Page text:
The legal assessor had given advice to the FTPP as to the definition of a false declaration, describing it as 'deliberate and intentional' if made when 'known to be incorrect' and 'intending that it should, be relied upon by others'. He advised that an untoward error or sloppy mistake would not be sufficient. He also provided the 'standard' advice as to the two-stage test--objective and subjective--for dishonesty from Regina v Ghosh  QB 1053,  2 All ER 689.
The appellant's grounds of appeal against the FTPP's findings included an argument that the FTPP had conflated falsity with dishonesty in reaching its decision on the CV allegations.
What is the significance of the Court of Appeal's decision?
Lord Justice Bean, in dismissing the appeal and giving judgment for the Court of Appeal, provides useful guidance as to when the word 'false' should be used in conjunction with an allegation of dishonesty. Guidance is also given by the court on the appropriate form of wording to be used by legal assessors when giving the objective limb of the Ghosh direction to panels.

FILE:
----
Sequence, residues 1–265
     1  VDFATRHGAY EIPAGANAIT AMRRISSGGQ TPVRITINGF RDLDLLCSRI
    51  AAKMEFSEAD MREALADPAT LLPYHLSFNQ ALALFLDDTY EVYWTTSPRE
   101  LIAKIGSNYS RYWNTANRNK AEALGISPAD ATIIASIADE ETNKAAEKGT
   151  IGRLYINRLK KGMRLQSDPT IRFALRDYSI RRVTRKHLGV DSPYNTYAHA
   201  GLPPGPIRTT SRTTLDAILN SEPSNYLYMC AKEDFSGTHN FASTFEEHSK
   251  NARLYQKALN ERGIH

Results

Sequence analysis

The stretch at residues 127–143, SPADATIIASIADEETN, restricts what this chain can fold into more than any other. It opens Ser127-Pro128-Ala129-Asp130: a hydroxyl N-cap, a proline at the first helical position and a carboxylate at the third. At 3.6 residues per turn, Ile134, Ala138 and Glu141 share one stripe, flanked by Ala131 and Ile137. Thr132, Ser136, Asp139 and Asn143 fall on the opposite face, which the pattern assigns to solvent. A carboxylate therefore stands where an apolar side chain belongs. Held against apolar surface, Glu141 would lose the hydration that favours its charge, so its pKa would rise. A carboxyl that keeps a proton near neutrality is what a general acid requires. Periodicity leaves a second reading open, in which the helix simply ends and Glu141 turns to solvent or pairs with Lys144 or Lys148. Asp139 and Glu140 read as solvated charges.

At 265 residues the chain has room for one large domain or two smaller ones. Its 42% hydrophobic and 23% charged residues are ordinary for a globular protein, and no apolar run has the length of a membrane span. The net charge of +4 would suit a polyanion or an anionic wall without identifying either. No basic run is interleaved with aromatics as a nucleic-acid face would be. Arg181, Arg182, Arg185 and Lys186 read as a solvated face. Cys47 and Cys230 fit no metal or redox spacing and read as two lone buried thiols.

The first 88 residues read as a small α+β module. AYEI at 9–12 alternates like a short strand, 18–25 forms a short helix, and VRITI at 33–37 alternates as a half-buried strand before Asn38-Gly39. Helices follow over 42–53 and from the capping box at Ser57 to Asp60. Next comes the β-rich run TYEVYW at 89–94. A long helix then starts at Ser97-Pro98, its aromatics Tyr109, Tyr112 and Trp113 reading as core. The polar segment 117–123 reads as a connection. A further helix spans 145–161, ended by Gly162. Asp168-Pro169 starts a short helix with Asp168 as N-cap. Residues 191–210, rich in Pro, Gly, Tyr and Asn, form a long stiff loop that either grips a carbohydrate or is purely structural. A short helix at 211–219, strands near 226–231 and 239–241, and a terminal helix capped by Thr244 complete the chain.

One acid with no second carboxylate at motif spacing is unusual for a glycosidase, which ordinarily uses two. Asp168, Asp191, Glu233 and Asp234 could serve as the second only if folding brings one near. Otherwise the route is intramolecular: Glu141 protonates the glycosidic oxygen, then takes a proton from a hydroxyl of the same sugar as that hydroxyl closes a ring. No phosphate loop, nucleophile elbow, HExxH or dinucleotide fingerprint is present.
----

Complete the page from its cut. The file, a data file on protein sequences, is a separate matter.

Guidance on the use of 'false' and 'dishonest'
The court gave guidance on the use of the words 'false' and 'dishonest' together in fitness to practise allegations. Outside the context of quiz games, Lord Justice Bean considered the word 'false' usually had overtones of dishonesty and accordingly, in most cases, the 'sweeping up' allegation of dishonesty adds nothing and is undesirable.
In relation to the CV charge, 'false' could mean either deliberately or inadvertently when used together with dishonesty. The word 'inaccurate' would have been a clearer, less confusing, formulation of the allegation.
Per curium--the Ghosh test
Guidance was also given by the court on the appropriate wording of the Ghosh test in professional disciplinary proceedings. In advising on the objective limb of the Ghosh test, the legal assessor directed that the FTPP must 'first of all decide whether according to the standard of reasonable and honest people, what was done was dishonest'.